Well this is interesting.
We’ve long been told that an apple a day keeps the doctor away. But now, researchers have discovered a pear a day keeps the pounds away.
A new study found that pears are associated with lower body weight.
People who consume pears are 35 per cent less likely to be obese, scientists discovered.
The study also found that pear consumption is associated with higher diet quality.
Pears are an ‘excellent source’ of fiber, in addition to being a good source of vitamin C.
A single medium pear contains nearly 24 per cent the daily fiber recommendations – and is only 100 calories.
The fruit is also free of fat, cholesterol and sodium – and contains 190 mg of potassium.
Researchers from the Louisiana State University looked at data from 2001 to 2010 for the study.
They used a nationally representative sample to analyse the association of fresh pear consumption with nutrient intake, nutrient adequacy, diet quality and cardiovascular risk factors in adults.
Dr Carol O’Neil, who led the study, said: ‘The association between pears and lower weight is very exciting.
‘We believe fiber intake may have driven the lower body weights that were seen in this study.’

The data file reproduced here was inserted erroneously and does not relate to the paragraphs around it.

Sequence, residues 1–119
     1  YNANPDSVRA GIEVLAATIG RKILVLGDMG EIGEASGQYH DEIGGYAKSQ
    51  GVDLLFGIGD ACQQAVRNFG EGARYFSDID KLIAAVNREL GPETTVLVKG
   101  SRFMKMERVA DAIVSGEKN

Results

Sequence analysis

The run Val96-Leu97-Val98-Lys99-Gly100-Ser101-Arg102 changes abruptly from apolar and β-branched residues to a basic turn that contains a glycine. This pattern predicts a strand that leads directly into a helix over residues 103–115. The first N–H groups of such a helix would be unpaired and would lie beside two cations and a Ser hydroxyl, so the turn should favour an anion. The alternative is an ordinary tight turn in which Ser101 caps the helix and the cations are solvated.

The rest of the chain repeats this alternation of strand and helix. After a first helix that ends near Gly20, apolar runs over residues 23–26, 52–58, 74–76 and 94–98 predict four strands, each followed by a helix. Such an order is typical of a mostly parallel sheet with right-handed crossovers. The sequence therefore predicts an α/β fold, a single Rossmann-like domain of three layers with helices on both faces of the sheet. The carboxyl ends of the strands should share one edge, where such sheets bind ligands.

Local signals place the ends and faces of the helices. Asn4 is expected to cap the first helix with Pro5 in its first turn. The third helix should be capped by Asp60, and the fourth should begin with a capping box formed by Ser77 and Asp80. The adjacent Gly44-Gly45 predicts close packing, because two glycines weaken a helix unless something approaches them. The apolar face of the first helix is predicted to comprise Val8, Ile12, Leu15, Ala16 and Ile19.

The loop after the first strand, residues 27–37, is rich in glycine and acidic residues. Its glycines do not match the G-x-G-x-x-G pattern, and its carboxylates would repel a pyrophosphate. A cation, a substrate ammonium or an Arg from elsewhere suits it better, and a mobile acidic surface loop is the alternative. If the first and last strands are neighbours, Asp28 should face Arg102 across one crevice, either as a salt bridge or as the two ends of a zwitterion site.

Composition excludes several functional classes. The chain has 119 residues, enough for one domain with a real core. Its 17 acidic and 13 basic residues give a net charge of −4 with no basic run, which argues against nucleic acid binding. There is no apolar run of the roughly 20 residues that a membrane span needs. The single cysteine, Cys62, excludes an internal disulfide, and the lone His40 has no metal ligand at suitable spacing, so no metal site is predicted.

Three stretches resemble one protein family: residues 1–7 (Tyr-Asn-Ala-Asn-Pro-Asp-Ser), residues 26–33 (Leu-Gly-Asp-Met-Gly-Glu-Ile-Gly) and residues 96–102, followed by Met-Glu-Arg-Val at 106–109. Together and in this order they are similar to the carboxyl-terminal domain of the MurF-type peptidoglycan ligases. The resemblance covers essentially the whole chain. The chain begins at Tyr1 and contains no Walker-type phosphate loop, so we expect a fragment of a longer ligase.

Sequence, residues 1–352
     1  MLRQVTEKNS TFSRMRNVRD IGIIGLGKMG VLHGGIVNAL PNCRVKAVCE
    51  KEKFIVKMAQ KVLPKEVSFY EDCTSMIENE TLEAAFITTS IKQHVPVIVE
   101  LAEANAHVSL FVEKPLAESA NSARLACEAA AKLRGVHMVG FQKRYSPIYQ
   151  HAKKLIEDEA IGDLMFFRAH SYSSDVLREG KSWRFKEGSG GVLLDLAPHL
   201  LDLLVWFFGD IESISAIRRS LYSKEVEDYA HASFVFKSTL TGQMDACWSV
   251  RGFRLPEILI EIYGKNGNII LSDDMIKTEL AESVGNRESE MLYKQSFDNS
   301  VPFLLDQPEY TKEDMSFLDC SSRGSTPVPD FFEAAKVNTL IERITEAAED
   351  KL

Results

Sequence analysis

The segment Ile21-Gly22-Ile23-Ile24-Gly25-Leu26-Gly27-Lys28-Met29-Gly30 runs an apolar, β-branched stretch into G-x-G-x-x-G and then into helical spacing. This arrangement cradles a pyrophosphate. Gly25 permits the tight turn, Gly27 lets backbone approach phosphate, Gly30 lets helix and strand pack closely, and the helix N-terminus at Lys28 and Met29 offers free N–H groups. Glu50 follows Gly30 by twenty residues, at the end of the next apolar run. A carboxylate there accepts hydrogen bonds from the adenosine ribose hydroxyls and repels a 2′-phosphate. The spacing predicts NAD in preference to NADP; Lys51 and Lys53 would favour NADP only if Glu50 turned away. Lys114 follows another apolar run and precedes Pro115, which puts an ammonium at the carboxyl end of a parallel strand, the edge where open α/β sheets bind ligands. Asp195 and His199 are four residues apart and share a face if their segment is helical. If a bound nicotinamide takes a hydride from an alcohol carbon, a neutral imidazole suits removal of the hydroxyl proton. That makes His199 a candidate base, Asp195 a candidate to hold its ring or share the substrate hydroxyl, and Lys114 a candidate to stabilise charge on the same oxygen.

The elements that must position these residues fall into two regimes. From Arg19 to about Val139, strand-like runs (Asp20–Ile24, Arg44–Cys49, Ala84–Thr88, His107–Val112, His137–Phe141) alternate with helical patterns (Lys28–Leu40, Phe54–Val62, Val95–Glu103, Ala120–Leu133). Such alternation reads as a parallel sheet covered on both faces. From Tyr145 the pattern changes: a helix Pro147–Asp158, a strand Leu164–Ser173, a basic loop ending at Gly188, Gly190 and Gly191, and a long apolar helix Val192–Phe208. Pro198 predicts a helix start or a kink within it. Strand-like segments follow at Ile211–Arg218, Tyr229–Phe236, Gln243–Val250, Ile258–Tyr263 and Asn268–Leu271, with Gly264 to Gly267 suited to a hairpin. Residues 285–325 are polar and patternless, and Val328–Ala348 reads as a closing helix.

She added: ‘There was no difference in energy intake or level of physical activity found between the fresh pear consumers and non-consumers.’
Eating one medium fresh pear each day has a positive effect on nutrient intake.
The fruit has higher percentages of fiber, vitamin C, magnesium, copper and potassium, and leads to higher mean intakes of total sugars.
Consumers of fresh pears also have lower intakes of total, monounsaturated fatty acids, saturated fatty acids and added sugars.
According to the USDA Guidelines for Americans, people who eat more fruit as part of an overall healthy diet are more likely to reduce their risk of chronic diseases.
But, the researchers noted that little has been published on the health outcomes associated with individual fruits – including pears.
However, the USA Pear Bureau said it is continuing to collaborate with researchers to commission additional studies to show the relationship between pears and positive health outcomes.
The study was published in Nutrition and Food Science.